UPDATE: Online learning for Hamilton public board; Catholic students get 2 more days of it


Published November 4, 2022 at 9:49 pm

The largest two Hamilton school boards, which both have as much idea as anyone whether the CUPE-OSBCU strike will continue next week, are continuing to make contingency plans.

The job action that began Friday affects the boards differently. Hamilton-Wentworth District School Board (HWDSB) is contracted with the union for custodial and maintenance workers, about 500 of whom have walked off the job. The Hamilton-Wentworth Catholic District School Board (HWCDSB) has about 1,000 employees who are out and work across a smaller number of schools.

As such, Hamilton English public schools stayed open on Friday, while English Catholic schools pivoted to online learning with some synchronous instruction.

On Friday evening, HWDSB announced that after one day without those approximately 500 workers, its schools will also going online as of Monday. Students will have independent learning before “remote, real-time learning” begins on Tuesday (Nov. 8).

Hour earlier, HWCDSB informed all families and students that it is committed to “online learning which will include
some synchronous instruction” for Monday and Tuesday (Nov. 7-8). The Catholic board will make the call on whether/how long it must stay online no later than Monday.

Ontario students have already missed more days of in-person learning than their counterparts in every other Canadian and U.S. jurisdiction since the start of the COVID-19 pandemic in March 2020. Premier Doug Ford and his PC Party of Ontario (PCPO) government have entrusted schooling to Education Minister Stephen Lecce since June 2019.

HWDSB: province not ‘respectful’

The HWDSB stated that “(c)lassroom educators will connect with students and families” and all school staff who are not part of CUPE-OSBCU will report to their school on Monday, while “(a)dditional staff will be assigned to schools for cleaning and maintenance tasks.”

The public schools are also pausing all athletics and other extra-curricular activities including arts, club and after-school tutoring, until further notice.

The Ontario government has run media ads recently saying students would be in class and would have extra-curricular activities, which teachers and staff members do voluntarily.

The public board first stated Thursday that it would notify HWDSB families by Sunday if they need to close schools to in‐person learning on Monday (Nov. 7). The public board added it is “monitoring the conditions of schools during the job action.”

Re-elected HWDSB Ward 7 trustee Dawn Danko, who was chair in the last term, told CBC Hamilton that she visited one of the CUPE-OBSCU picket lines on Friday. In the same report, a CUPE-OSBCU local leader expressed doubt about how long schools could stay open safety.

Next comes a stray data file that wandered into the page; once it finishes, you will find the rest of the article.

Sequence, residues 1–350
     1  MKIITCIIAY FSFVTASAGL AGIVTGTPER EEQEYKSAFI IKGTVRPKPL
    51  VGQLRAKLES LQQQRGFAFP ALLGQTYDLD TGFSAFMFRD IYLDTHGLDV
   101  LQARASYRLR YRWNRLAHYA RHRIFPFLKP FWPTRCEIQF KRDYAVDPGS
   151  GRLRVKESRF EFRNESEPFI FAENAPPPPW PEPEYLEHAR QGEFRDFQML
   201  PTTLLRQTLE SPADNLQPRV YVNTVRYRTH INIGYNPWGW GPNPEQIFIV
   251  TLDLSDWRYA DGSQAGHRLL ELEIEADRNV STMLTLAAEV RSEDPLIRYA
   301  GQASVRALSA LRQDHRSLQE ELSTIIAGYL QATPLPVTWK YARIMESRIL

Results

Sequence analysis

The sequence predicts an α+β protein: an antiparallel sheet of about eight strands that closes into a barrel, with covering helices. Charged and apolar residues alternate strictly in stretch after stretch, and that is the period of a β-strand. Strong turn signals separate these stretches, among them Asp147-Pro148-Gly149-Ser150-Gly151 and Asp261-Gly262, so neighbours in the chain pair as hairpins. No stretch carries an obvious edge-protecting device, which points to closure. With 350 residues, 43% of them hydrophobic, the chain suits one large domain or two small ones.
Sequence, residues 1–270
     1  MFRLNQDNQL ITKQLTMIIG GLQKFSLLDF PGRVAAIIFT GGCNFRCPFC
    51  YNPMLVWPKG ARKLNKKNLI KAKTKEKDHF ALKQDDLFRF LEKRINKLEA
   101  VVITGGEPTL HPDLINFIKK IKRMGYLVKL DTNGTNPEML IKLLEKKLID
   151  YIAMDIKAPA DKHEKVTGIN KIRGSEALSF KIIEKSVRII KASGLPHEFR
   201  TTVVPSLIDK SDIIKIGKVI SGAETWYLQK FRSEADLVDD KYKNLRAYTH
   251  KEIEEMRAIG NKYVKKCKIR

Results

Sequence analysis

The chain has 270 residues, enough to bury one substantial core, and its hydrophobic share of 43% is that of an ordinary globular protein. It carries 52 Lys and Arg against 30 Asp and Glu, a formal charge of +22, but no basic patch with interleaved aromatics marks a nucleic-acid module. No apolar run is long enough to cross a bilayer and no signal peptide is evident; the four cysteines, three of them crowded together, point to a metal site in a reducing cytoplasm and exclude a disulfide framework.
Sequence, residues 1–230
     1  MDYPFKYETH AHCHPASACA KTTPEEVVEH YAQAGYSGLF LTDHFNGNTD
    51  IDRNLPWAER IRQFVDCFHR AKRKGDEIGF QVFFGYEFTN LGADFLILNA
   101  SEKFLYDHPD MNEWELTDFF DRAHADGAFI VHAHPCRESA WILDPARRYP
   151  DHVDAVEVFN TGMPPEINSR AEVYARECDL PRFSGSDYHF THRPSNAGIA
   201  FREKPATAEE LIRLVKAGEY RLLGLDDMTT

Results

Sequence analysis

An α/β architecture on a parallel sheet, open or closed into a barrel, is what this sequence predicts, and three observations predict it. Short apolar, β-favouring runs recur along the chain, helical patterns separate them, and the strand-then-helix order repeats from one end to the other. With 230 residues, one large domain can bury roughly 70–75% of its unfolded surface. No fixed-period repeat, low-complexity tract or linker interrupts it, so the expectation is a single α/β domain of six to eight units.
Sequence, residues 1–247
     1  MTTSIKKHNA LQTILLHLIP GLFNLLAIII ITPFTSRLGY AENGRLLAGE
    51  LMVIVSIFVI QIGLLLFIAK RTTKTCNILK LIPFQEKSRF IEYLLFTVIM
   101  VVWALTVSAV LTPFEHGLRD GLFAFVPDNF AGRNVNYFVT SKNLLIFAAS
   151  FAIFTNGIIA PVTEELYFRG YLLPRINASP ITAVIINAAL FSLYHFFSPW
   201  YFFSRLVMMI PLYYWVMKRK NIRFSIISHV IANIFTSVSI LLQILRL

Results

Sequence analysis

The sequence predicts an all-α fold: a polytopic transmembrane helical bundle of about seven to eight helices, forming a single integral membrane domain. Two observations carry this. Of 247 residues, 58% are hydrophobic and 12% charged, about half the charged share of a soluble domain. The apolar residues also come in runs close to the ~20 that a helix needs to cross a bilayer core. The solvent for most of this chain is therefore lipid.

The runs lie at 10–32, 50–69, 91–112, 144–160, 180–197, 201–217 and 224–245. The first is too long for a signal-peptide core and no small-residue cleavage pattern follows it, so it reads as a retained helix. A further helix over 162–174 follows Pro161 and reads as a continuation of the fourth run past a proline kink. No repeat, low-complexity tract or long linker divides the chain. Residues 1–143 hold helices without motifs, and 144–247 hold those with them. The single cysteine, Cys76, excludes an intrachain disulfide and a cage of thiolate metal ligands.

As it turns out, that was one day.

The letter on Thursday to HWDSB families, director of education Sheryl Robinson Petrazzini characterized the Premier Ford and Minister Lecce’s Bill 128 back-to-work legislation as less than “respectful” and suggested its tactics involved intimidation. On Thursday, the province invoked the notwithstanding clause of the charter in order to a pass a bill banning a strike before it actually started.

“We are disappointed that the Government of Ontario passed this legislation removing our labour partners’ rights to engage in the collective bargaining process,” Robinson Pettrazini stated. “An agreement should be respectful towards education workers, mutually agreed upon by both parties, and free from intimidation.”

Catholic board to make call no later on Monday

The announcement from HWCDSB who need a device for online learning should contact their school principal. After-hours programming, student transportation and (as of Monday) Catholic Youth Organization sports are either cancelled or to be rescheduled. School sports are still on.

“We regret very much the impact these circumstances have on students, families and our staff,” a letter cosigned by HWDSB director of education David Hansen and board chair Patrick J. (Pat) Daly states. “We are as well extremely disappointed that we are currently unable to provide with certainty the status of the labour dispute for Monday and beyond. Saying that, system and school staff have been working extremely hard to develop contingency plans for next week. The focus of these plans remains on student learning and well-being.”

The public board’s alert says all authorized recreation programs at its schools are cancelled.

Early Learning and Child Care centres (Birth to age 3.8) will be open during the school day only in both boardds.
EarlyON Child and Family Centres and all licensed before‐ and after‐school programs are also affected.

Social work services will not be available during the labour disruption. In HCWDSB’s letter on Friday, it noted that family with a child who is in immediate crisis can contact COAST (905-972-8338), 911 or attend McMaster Children’s Hospital emergency department.

Updates from the boards will be available at hwcdsb.ca/labourupdates and hwdsb.on.ca.

The CUPE-OSBCU acronym stands for Canadian Union of Public Employees — Ontario School Board Council of Unions. Women comprise 70 per cent of its 55,000 member workers.

All four Ontario teacher unions are seeking intervenor status in the strike. Their contracts are also up for negotiation soon. The province’s legal counsel has objected to the intervenor application.

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